Indic Loans in Chinese

These five examples are from Zhu Qingzhi, Some Linguistic Evidence for Early Chinese Cultural Exchange Between India and China (SPP #66, 1995), which may be obtained from SPP. A few other possibilities will be added from other sources. Except in one case ("water in hoofprint," which he feels must have originated on the Indian end, Zhu makes no decisions about directionality, and is content to observe that the pairs are very likely related. The Project's revised dates for the Chinese texts seem to clarify the situation, and to support his one India > China conclusion. Given the chronology of the first appearances in China, the directionality seems invariably to be India > China. In support of this, it seems that in most cases, the Indic usage is more widespread and more connected, within its own language, than the corresponding but more isolated Chinese one, and thus is more likely to be the "natural" or original form. All are loan translations rather than phonetic loanwords. The period of word adaptation, complete with the original sound of the word, was to come substantially later, with the direct presence of Indian persons and institutions on Chinese soil, which occurred only in the Latter Han (1st and 2nd centuries AD).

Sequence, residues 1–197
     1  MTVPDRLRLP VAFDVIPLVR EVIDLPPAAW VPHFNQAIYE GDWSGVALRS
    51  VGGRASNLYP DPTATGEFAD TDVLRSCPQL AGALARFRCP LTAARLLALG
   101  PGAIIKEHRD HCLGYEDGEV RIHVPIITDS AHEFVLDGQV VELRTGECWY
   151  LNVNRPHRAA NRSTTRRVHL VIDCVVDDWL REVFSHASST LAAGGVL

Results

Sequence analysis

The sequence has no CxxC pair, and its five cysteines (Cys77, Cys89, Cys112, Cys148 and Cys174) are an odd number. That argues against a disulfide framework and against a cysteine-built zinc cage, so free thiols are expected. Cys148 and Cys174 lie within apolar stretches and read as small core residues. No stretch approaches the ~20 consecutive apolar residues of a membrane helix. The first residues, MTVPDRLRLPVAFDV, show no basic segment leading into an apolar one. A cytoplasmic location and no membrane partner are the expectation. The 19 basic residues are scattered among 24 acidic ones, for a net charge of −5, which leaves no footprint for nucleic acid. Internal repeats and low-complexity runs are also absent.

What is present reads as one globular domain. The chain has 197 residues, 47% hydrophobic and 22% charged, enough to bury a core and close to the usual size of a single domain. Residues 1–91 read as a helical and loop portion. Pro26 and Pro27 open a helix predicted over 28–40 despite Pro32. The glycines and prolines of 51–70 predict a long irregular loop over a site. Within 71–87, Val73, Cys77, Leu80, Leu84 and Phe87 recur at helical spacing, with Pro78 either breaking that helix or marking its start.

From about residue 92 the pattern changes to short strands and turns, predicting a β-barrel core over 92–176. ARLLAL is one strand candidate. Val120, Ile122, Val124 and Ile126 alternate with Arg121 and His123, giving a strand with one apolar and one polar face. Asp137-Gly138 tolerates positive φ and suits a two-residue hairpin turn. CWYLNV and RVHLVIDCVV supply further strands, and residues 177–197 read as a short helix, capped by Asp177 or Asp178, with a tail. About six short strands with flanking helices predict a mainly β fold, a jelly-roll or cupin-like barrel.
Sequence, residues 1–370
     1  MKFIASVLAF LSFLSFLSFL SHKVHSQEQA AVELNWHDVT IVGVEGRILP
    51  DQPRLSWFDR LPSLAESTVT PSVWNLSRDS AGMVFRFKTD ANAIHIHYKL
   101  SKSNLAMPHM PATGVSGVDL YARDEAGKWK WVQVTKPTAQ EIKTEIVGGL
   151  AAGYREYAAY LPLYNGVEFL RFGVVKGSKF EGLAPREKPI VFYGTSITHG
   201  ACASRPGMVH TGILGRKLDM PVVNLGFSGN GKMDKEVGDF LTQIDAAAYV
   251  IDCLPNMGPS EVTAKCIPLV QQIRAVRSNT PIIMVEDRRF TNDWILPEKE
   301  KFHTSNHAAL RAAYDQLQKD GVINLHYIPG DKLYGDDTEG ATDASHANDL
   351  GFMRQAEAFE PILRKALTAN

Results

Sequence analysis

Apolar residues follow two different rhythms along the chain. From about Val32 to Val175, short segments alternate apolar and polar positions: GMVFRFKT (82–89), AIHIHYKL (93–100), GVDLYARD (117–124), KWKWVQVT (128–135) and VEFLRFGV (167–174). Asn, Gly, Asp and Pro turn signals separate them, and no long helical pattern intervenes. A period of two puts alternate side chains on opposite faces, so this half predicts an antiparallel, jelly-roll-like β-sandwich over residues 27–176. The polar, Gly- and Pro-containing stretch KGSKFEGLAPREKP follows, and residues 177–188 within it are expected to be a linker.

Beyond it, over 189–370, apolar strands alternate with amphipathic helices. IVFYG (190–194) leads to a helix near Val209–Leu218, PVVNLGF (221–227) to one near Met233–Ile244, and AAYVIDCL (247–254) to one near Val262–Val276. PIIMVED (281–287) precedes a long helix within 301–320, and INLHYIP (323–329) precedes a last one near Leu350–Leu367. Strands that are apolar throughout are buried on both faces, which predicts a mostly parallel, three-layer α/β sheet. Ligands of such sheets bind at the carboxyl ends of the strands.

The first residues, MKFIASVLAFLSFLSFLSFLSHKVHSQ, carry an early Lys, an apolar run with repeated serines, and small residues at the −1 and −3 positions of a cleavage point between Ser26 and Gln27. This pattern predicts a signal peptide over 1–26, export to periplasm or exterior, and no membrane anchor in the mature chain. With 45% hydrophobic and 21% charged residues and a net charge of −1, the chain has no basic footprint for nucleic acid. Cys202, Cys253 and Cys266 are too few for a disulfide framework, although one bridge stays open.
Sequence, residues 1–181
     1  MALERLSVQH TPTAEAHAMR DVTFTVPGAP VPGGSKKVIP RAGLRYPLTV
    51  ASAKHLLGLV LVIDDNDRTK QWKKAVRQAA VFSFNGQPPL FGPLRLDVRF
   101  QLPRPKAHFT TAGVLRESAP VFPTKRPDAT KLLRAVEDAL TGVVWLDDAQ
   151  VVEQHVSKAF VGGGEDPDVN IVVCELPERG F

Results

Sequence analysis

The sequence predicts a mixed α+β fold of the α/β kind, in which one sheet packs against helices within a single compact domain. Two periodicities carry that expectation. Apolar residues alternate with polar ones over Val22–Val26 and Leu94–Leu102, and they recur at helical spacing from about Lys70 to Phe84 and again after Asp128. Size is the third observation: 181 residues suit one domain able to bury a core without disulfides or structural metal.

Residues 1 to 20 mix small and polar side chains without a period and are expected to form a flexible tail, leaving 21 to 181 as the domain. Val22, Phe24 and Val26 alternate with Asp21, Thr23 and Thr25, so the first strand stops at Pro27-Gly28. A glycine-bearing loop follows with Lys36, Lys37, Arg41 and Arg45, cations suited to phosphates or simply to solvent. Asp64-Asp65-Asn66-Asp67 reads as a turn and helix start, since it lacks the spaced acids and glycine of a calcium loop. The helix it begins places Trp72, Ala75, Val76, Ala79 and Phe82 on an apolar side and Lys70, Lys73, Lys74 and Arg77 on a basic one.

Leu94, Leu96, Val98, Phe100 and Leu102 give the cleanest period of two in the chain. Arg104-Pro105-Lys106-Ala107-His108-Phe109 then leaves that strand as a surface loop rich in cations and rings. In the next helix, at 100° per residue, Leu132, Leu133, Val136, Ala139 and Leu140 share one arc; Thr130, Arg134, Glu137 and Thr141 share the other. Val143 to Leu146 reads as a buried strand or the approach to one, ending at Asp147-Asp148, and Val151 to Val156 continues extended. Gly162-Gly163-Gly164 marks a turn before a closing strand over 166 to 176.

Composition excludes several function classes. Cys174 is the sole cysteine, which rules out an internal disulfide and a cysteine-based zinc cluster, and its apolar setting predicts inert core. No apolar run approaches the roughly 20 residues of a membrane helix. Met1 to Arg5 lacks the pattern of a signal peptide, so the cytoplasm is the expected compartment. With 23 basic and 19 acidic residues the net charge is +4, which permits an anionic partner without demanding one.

Arrangement here is by the probable date of the first Chinese occurrence.

NAMELESS FINGER. The primary term used in both Sanskrit and Chinese for the fourth finger.

RABBIT = MOON. Supposedly based on a figure discerned in the markings on the moon.

WATER IN HOOFPRINT as a symbol for shallowness and limitation.

THE PLANET VENUS described as "white."


Zhu's study is not without its limitations. One is ignorance of the chronology on the Chinese side, which we have here tried to supply. A few further points:

Further examples, or comments on these examples, from either side of the Himalayas, are welcome.

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22 Jan 2001 / Contact The Project / Exit to Resources Page